In some cases, your vet may suggest a systemic treatment. The most common oral drugs for this include selamectin (Revolution), imidacloprid-moxidectin (Advantage Multi), and off-label ivermectin use. Recently, some veterinarians have used the oral flea preventatives Bravecto and Nexgard as alternative scabies treatments.
With appropriate treatments, dogs with sarcoptic mange can make a full recovery. Treatments must be administered consistently, as the mite’s life cycle is 21 days. Recovery from scabies cases will take longer for dogs with severe cases.
Pet insurance can help you treat and prevent mange in dogs.
While most mange treatments are affordable, if your dog requires long-term treatment, that vet bill will add up fast. Don’t get caught having to choose between your bank account and your dog’s discomfort.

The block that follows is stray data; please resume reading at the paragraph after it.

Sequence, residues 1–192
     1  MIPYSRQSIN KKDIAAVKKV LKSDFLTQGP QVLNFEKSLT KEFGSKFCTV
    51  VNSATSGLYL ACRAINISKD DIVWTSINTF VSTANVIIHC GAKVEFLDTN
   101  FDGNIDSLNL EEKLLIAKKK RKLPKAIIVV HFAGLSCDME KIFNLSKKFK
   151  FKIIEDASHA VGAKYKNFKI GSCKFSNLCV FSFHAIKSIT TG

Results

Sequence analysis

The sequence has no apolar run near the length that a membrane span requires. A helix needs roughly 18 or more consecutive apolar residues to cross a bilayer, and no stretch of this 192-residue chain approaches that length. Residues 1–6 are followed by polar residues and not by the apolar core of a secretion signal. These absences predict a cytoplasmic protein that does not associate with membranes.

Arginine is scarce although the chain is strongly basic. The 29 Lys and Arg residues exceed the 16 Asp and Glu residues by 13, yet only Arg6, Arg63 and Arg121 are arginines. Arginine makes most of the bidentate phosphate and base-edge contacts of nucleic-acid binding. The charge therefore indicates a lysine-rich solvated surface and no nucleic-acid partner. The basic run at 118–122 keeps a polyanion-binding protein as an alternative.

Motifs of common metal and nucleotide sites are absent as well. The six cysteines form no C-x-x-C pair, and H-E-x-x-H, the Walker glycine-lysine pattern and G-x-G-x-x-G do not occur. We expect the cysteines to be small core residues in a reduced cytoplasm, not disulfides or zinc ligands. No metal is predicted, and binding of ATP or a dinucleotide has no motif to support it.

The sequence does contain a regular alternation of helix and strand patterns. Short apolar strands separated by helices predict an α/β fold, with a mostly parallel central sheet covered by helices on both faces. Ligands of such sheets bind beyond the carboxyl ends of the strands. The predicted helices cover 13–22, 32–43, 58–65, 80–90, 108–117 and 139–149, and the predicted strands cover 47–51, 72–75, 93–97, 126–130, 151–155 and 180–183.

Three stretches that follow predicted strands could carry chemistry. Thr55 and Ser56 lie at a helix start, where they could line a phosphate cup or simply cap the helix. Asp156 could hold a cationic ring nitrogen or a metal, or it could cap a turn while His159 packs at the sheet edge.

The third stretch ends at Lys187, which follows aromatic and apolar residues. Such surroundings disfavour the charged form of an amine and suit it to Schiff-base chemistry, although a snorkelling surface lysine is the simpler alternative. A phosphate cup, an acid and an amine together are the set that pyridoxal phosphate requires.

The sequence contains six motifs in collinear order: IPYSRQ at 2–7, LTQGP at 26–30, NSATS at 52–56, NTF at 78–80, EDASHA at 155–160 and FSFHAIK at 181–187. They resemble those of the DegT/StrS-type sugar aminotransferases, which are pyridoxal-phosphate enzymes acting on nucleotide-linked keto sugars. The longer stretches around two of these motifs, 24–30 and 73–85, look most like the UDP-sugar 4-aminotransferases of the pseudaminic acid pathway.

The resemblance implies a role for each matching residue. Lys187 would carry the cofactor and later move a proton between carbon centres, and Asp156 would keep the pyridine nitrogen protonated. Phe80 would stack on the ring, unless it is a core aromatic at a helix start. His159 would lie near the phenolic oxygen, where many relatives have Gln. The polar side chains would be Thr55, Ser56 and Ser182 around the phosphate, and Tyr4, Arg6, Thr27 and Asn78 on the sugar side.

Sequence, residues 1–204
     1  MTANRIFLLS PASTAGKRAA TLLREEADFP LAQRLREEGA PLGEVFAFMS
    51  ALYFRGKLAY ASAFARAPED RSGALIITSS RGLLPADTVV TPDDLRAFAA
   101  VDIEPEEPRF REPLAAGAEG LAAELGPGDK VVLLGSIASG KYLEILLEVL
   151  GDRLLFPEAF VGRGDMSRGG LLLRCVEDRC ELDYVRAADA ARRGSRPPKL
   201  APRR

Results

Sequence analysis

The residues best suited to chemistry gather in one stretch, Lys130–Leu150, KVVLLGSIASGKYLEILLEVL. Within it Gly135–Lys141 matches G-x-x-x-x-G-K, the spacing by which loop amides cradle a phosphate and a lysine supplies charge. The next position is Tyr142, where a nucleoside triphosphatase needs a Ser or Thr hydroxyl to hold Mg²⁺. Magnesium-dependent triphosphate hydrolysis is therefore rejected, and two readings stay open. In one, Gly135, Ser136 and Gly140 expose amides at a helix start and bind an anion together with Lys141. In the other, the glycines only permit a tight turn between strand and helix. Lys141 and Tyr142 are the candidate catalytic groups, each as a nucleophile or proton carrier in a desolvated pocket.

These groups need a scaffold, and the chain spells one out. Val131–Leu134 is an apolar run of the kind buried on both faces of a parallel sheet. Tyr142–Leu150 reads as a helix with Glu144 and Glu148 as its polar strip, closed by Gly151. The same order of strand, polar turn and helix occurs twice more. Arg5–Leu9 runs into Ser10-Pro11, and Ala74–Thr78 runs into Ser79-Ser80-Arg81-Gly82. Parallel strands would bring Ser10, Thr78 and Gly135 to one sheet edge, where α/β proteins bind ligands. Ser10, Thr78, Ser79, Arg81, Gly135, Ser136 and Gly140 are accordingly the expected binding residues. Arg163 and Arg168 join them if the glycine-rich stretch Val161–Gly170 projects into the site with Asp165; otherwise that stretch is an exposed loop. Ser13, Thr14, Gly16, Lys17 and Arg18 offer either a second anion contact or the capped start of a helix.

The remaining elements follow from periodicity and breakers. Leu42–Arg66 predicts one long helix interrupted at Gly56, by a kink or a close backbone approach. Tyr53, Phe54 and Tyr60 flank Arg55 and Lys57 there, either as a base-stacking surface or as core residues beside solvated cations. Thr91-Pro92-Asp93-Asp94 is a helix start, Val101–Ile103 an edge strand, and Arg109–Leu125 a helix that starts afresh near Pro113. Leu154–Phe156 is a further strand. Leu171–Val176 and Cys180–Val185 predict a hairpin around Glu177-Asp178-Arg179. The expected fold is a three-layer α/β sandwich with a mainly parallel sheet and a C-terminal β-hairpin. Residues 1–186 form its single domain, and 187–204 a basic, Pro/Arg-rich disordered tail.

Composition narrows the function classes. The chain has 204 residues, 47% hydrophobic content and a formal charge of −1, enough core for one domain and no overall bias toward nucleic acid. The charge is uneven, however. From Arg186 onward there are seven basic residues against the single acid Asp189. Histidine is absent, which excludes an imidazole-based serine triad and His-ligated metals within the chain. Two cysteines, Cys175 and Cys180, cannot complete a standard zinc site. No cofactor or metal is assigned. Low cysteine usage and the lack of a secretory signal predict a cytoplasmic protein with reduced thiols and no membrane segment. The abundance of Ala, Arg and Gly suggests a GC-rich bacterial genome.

Get your pup a health insurance plan, starting with a free quote. Pet insurance will ensure that your dog has access to top veterinarians and treatment without hurting your bank account. Do yourself and your pup a favor and protect them with a health insurance plan today.
- Dryden, M. (2022). Mite Infestation (Mange, Acariasis, Scabies) in Dogs. Retrieved from https://www.merckvetmanual.com/dog-owners/skin-disorders-of-dogs/mite-infestation-mange,-acariasis,-scabies-in-dogs
- O’Neill, D. (2020). Demodicosis in first opinion caseloads of dogs: the ‘mitey’ facts on frequency and breeds. Retrieved from https://www.veterinaryirelandjournal.com/small-animal/164-demodicosis-in-first-opinion-caseloads-of-dogs-the-mitey-facts-on-frequency-and-breeds#:~:text=Six%20breeds%20showed%20increased%20odds,than%20the%20adult%2Donset%20form.
- Wildlife Futures Team. (2020). Mange and Mites. Retrieved from https://www.vet.upenn.edu/research/centers-laboratories/research-initiatives/wildlife-futures-program/resources/fact-sheets/fact-sheet-detail/mange-and-mites